Research and publications

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Research active

Tracey believes that working and studying is an important part of professional practice and her studies have helped her to develop novel and useful ways to manage many ordinary, complex or difficult pain conditions.

After completing her undergraduate degree in Physiotherapy, Tracey completed the Post Graduate Diploma in Health Sciences endorsed in Musculoskeletal Management (University of Otago, 2008), and then the Master of Health Sciences (With Distinction) (University of Otago, 2012). Her thesis explored the relationships of beliefs about pain with everyday physical ability.

She has since completed the University of Otago’s Doctoral programme. Tracey’s doctoral research was about physiotherapy and Complex Regional Pain Syndrome (CRPS). She developed a conceptual model for the effective management for CRPS.

Publications

Tracey’s recent publications:

  1. Pons, T. and E. A. Shipton (2011). “Multilevel lumbar fusion and postoperative physiotherapy rehabilitation in a patient with persistent pain.” Physiotherapy Theory and Practice 27(3): 238-245.
  2. Pons, T., et al. (2012). “The relationship between Beliefs about Pain and Functioning with Rheumatologic conditions.” Rehabilitation Research and Practice 2012(ID 206263): doi: 10.1155/2012/2062.
  3. Pons, T., et al. (2015). “Potential Risk Factors for the Onset of Complex Regional Pain Syndrome Type 1: A Systematic Literature Review.” Anesthesiology Research and Practice 2015: https://www.hindawi.com/journals/arp/2015/956539/.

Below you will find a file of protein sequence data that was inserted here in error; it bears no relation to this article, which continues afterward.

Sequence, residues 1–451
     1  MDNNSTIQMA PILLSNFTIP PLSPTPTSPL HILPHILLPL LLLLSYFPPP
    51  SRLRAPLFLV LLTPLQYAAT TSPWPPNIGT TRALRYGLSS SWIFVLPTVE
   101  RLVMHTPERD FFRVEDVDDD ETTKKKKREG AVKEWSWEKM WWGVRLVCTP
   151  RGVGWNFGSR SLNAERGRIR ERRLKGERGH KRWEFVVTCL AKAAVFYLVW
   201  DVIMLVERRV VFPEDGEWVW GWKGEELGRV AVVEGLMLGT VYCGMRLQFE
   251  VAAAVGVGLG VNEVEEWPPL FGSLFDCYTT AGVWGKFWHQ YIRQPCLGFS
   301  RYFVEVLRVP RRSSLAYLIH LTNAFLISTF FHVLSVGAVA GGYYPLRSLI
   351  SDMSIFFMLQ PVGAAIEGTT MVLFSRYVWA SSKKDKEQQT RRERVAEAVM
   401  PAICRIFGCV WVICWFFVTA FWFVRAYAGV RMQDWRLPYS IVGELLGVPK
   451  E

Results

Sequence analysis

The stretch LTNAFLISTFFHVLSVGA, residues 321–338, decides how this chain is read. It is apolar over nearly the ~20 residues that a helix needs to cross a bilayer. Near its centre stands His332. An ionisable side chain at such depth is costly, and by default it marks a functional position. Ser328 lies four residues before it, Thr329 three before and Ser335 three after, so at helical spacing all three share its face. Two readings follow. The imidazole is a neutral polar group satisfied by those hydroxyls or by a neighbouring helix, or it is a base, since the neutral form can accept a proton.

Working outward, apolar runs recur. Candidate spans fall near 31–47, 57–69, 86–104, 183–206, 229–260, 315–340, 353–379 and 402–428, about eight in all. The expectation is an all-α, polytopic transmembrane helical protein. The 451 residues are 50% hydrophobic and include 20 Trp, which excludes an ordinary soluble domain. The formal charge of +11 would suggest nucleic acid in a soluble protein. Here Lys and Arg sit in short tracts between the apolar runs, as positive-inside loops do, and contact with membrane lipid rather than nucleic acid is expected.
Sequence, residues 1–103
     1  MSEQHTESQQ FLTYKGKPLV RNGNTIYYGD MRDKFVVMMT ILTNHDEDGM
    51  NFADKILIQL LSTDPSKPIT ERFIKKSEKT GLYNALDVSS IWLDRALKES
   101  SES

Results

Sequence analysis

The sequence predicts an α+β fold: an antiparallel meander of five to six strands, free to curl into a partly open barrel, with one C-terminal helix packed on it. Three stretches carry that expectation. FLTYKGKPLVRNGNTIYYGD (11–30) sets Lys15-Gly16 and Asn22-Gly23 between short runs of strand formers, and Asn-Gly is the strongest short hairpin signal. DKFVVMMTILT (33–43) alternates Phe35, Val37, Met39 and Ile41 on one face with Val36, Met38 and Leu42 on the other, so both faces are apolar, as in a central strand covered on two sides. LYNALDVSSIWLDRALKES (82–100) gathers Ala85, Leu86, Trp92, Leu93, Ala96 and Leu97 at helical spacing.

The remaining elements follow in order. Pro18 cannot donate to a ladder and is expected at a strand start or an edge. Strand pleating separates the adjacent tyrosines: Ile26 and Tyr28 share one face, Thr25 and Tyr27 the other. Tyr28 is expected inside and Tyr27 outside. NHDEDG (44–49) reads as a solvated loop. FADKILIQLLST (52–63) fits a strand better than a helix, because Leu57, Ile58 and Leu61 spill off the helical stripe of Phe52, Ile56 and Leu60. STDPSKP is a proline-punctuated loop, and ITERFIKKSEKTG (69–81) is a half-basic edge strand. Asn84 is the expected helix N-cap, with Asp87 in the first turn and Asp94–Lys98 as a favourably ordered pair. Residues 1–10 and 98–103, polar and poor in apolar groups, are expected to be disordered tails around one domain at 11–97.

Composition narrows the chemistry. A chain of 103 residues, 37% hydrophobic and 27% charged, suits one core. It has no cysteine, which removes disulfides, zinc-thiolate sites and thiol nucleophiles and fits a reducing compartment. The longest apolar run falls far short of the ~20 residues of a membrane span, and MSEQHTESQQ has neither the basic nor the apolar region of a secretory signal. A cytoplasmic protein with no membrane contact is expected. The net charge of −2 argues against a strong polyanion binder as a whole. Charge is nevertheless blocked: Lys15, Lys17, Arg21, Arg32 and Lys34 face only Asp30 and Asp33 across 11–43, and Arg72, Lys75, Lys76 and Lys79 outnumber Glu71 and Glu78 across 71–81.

4. Pons, T. and E. A. Shipton (2016). “Physiotherapy and the management of complex regional pain syndrome.” Pain Management 6(6): 515-518. http://www.futuremedicine.com/doi/full/510.2217/pmt-2016-0037
  5. Pons, T., et al. (2017). “Beliefs and Clinical Practice for Complex Regional Pain Syndrome (CRPS) Managed by Physiotherapists on the South Island of New Zealand.” International Journal of Clinical Medicine 8: 42-54.
  6. Pons, T., et al. (2017). “Physiotherapy interventions and the outcomes for Complex Regional Pain Syndrome (CRPS) Type 1 on the South Island of New Zealand – a longitudinal, prospective case series.” The Open Pain Journal 10 (https://benthamopen.com/FULLTEXT/TOPAINJ-10-5).
  1. Pons, T., et al. (2018) A proposed clinical conceptual model for the physiotherapy management of Complex Regional Pain Syndrome (CRPS). Musculoskeletal Science and Practice, 38(December), 15-22. https://doi.org/10.1016/j.msksp.2018.08.001